The latest thing making the rounds on Facebook is the “Top 10 books” craze, where a friend will tag you in their comment and asks you to “list 10 books that have stayed with you in some way. Don't take more than a few minutes, and don't think too hard. They do not have to be the 'right' books or great works of literature, just ones that have affected you in some way”.
While it could be considered just another Facebook chainmail status, there has been some real research done on the topic.
A sample of over 130,000 status updates that included “10 books” or “ten books” that appeared in the last two weeks of August (although the meme has been active over at least a year).
Below are some of the findings from Facebook:
Note: The demographics of those posting were as follows: 63.7% were in the US, followed by 9.3%in India, and 6.3% in the UK. Women outnumbered men 3.1:1. The average age was 37. Therefore it was expected the books chosen to be reflective of this subset of the population.
Here are the top 20 books, along with a percentage of all lists (having at least one of the top 500 books) that contained them.
- 21.08 Harry Potter series - J.K. Rowling
- 14.48 To Kill a Mockingbird - Harper Lee
- 13.86 The Lord of the Rings - JRR Tolkien
- 7.48 The Hobbit - JRR Tolkien
- 7.28 Pride and Prejudice - Jane Austen
- 7.21 The Holy Bible
- 5.97 The Hitchhiker's Guide to the Galaxy - Douglas Adams
- 5.82 The Hunger Games Trilogy - Suzanne Collins
- 5.70 The Catcher in the Rye - J.D. Salinger
- 5.63 The Chronicles of Narnia - C.S. Lewis
- 5.61 The Great Gatsby - F. Scott Fitzgerald
- 5.37 1984 - George Orwell
- 5.26 Little Women - Louisa May Alcott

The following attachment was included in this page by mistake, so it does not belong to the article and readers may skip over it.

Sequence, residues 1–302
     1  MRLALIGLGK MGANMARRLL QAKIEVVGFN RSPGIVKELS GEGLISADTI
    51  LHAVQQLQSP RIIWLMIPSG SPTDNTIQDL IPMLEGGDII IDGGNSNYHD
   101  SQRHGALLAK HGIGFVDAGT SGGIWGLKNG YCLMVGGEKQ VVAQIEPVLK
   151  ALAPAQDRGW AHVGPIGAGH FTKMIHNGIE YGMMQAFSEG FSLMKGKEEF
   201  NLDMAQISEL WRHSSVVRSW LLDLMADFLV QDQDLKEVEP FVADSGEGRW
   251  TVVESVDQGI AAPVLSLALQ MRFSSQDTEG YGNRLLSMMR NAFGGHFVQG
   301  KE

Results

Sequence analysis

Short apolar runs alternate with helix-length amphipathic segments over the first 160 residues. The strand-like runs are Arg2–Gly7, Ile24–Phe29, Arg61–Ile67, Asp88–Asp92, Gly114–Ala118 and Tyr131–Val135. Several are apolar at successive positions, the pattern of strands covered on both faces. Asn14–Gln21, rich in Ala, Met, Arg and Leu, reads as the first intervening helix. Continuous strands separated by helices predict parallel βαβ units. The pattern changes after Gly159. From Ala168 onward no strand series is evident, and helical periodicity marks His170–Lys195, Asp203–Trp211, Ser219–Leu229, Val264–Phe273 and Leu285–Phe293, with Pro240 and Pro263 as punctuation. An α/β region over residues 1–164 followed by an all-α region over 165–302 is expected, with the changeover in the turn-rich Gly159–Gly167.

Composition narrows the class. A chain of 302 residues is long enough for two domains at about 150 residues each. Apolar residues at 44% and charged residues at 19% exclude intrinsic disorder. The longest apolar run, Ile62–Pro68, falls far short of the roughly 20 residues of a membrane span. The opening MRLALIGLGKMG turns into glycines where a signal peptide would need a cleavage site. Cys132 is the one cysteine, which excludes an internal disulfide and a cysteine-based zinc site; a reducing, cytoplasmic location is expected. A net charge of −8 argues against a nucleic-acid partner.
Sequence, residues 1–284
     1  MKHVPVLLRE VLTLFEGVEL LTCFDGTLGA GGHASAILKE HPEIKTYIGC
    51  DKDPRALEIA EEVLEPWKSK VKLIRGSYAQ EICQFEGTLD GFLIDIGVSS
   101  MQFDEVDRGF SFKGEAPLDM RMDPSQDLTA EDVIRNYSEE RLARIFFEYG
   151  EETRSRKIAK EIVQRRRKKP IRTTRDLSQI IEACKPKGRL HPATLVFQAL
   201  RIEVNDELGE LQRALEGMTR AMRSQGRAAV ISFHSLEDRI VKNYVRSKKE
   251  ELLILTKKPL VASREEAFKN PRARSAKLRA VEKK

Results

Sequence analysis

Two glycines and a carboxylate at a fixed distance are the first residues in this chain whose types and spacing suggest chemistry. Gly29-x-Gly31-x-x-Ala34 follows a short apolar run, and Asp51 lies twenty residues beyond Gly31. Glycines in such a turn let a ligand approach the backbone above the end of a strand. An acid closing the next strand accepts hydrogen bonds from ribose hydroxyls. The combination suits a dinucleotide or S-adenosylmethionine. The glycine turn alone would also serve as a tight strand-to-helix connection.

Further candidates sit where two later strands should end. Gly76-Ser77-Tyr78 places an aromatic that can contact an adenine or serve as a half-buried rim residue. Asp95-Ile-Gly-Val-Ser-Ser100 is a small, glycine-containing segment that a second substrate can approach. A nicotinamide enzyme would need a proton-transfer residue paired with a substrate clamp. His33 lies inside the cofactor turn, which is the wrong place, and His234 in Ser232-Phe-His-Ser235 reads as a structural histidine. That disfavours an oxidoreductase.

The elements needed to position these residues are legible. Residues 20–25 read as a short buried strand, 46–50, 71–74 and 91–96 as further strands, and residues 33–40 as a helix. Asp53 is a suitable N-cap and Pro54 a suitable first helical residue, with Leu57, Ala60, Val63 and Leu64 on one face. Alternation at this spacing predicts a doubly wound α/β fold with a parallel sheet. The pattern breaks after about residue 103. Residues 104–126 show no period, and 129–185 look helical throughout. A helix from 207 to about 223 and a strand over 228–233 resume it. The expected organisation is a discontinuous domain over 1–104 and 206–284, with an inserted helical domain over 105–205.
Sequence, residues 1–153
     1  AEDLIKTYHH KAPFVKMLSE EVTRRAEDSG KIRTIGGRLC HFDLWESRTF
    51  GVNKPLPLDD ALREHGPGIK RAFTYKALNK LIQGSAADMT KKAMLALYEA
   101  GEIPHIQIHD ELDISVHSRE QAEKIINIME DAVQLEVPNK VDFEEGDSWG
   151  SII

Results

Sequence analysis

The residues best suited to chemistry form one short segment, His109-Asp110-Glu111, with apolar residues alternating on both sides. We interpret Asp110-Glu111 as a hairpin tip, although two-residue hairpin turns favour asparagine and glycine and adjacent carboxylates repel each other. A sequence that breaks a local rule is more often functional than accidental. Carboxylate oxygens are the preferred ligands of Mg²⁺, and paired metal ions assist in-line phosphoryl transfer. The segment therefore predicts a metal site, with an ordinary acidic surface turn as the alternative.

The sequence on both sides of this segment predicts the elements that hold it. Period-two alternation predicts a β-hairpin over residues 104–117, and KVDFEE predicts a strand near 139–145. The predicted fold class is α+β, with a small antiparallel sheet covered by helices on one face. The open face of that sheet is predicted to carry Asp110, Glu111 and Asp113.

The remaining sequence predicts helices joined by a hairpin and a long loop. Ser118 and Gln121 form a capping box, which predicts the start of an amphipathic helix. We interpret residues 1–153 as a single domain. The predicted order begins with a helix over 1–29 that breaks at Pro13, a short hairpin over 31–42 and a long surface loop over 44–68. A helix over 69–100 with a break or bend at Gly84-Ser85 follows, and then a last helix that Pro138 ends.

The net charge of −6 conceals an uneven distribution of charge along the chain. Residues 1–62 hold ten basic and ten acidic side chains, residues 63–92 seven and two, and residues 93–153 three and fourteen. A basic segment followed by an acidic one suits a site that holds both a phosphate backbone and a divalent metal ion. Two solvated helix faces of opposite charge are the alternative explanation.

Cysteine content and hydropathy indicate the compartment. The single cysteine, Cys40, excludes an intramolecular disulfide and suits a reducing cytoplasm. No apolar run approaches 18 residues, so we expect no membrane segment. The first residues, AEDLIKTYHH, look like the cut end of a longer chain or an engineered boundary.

- 5.23 Jane Eyre - Charlotte Bronte
- 5.11 The Stand - Stephen King
- 4.95 Gone with the Wind - Margaret Mitchell
- 4.38 A Wrinkle in Time - Madeleine L'Engle
- 4.27 The Handmaid's Tale - Margaret Atwood
- 4.05 The Lion, the Witch, and the Wardrobe - C.S. Lewis
- 4.01 The Alchemist - Paulo Coelho
Harry Potter reigns supreme, although the clustering algorithm that was used lumped all the Harry Potter books into the same cluster, giving it an advantage. And while kids’ books may not normally be considered great works of literature, many of them ‘stayed with us’, which was the whole point of the status.
Another part of the study was to see if friends tended to like the same books.
Some people shared the meme without tagging anyone in it, calling on all of their friends to make their own posts, while others tagged specific friends either because they wanted to know what their favourite books were, or because they knew that a post like this would be of interest to them.
The study found that the low overlap of titles on friends’ lists underlined that even in a world of relatively few highly successful bestsellers, lists of favorites tend to be rather different, even between friends.
You can see the Top 100 books that appeared on Facebook here